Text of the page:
Credit: Florida Photo Archives, Post card collection, A Good Wagon Load, Florida Pineapple
The powerful Calusa Indians once thrived in villages and towns along coastlines of the sea, rivers and lakes -- areas that much later became Charlotte County. The Seminoles immortalized these mostly-maritime natives by naming the major river in the area Caloosahatchee or “river of the Calusa.” Development of Charlotte County began in earnest in 1881 with a four-million-acre purchase of “swamp and overflowed lands” in south Florida. By 1883, Col. Isaac Trabue of Kentucky, bought enough land for a town he called Trabue, now known as Punta Gorda. It briefly became the pineapple capital of the U.S. because of his influence in cultivating the fruit to raise prize money for an annual town chess tournament. More typical industries of cattle ranching, timbering and phosphate mining soon took over. In 1914, Edward Babcock bought two townships to the east for a hunting preserve and his “Crescent B” cattle ranch. During the 1930s, Babcock leased the timber rights, allowing railroad grades to be built through the flatwoods. Timber was shipped as far away as Africa, to be used in the diamond mines. Remnants of a water tower used to fill steam engines in 1930 still remain along the Seaboard Grade.
In 1941, the Florida Game and Fresh Water Fish Commission purchased 19,200 acres from Fred Babcock. The WMA was originally named for Cecil M. Webb, who served as commissioner from 1948-1953. The area was renamed Fred C. Babcock/Cecil M. Webb Wildlife Management Area in 1995.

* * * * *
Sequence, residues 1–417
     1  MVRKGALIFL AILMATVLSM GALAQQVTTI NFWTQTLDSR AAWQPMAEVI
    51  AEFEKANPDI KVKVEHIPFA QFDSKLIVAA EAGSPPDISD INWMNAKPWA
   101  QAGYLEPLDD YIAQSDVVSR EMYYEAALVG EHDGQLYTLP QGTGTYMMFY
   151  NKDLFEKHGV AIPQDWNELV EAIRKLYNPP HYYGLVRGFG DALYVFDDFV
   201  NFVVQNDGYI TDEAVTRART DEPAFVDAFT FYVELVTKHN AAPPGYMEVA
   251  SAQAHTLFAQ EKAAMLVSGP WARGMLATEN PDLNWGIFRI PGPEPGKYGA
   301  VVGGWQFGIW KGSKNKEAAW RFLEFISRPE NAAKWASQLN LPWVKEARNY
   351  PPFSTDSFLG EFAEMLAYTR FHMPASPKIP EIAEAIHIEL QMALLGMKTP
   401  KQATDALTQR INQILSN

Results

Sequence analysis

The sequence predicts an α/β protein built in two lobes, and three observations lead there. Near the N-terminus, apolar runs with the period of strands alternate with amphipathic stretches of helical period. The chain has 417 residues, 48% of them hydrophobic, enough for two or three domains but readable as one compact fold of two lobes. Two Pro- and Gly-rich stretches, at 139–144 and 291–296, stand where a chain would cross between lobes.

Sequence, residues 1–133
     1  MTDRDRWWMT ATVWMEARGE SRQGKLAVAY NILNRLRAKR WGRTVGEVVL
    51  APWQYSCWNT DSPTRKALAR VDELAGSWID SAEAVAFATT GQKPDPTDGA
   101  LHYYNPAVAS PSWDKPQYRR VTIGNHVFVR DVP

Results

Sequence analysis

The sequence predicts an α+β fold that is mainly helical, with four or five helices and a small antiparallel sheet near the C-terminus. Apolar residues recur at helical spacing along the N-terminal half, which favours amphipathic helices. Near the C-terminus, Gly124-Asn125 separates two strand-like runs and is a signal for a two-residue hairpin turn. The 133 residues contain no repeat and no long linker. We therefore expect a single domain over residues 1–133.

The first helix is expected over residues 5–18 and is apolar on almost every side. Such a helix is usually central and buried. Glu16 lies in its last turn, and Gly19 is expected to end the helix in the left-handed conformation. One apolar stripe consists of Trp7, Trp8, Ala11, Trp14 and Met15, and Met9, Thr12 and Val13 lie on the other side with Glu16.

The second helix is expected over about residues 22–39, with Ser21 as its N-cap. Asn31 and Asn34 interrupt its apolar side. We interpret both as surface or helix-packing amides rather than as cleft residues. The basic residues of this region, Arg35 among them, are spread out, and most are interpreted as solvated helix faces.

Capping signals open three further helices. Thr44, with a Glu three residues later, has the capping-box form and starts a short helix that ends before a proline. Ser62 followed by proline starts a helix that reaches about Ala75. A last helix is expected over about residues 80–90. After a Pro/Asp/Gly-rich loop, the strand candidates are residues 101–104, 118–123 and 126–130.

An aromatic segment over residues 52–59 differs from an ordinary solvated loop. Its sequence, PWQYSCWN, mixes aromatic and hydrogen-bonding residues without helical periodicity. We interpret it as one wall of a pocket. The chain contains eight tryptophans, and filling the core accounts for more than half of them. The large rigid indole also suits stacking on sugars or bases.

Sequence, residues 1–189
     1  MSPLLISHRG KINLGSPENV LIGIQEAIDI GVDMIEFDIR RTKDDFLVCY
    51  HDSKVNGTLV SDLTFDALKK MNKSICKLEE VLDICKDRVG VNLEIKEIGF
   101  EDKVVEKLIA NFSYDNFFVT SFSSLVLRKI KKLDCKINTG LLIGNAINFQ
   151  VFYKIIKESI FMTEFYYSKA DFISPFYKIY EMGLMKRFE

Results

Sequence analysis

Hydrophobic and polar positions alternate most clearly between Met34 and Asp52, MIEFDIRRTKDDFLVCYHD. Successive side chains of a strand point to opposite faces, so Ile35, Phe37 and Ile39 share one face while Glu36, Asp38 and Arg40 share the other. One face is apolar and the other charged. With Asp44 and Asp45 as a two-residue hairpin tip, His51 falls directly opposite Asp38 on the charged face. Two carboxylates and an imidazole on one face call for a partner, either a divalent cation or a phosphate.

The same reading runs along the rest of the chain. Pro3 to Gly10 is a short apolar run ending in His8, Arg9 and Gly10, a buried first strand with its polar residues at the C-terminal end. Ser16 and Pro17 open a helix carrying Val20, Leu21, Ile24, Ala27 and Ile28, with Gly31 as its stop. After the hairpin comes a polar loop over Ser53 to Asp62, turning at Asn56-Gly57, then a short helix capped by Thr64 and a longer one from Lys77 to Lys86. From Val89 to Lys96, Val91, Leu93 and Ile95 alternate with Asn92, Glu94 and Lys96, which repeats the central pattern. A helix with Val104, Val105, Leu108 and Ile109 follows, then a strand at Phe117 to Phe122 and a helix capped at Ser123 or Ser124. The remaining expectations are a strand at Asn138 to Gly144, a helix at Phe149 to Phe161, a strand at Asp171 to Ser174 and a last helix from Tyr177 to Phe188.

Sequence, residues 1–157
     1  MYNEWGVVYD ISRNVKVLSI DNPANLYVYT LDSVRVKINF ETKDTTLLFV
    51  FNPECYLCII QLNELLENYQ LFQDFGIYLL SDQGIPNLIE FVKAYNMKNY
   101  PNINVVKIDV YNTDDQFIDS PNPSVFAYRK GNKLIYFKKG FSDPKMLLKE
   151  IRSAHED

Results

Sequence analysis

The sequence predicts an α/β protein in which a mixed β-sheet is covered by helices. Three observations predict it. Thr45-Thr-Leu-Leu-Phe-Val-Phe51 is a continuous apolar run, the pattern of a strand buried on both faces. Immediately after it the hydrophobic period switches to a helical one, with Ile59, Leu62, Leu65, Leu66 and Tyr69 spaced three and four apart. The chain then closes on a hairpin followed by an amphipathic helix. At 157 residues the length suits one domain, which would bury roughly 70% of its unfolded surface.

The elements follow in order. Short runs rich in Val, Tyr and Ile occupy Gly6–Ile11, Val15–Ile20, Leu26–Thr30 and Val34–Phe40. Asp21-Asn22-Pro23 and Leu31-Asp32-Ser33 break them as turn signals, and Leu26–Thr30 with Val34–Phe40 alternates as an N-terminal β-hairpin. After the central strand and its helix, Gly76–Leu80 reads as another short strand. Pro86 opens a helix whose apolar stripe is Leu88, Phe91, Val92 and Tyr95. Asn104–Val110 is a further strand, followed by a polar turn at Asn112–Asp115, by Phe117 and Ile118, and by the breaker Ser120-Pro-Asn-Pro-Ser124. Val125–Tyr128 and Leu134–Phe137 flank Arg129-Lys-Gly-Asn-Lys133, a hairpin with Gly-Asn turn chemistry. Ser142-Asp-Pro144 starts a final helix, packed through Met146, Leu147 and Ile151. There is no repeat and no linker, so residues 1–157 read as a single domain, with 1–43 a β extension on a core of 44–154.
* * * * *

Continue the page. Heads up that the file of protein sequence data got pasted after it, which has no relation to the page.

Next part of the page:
In 1957, field trial grounds were set up in conjunction with organizations that donated materials and supplies for a clubhouse, stables, kennels and picnic area. Since 1969, the grounds have been open for limited quail hunting. In 1968, the Commission leased 1,280 acres of the field trial grounds to the Boy Scouts for a camp and facilities. In the 1990s, the Charlotte Harbor Flatwoods and the Yucca Pens Unit were added to the management area. The name Yucca is a derivative of “euchre” (pronounced “you-ker”). Herds of cattle were lost or gained during euchre, a gambling card game played at the cow pens where cattle were sold before shipment to Cuba. A northern reporter wrote a story about the trick-taking game but misspelled it as “yucca” and this variant stuck.
With over 80,700 acres, this WMA is among the last undeveloped expanses of hydric (wet) pine flatwoods in southwest Florida, although it is surrounded by residential development, citrus groves and improved pasture.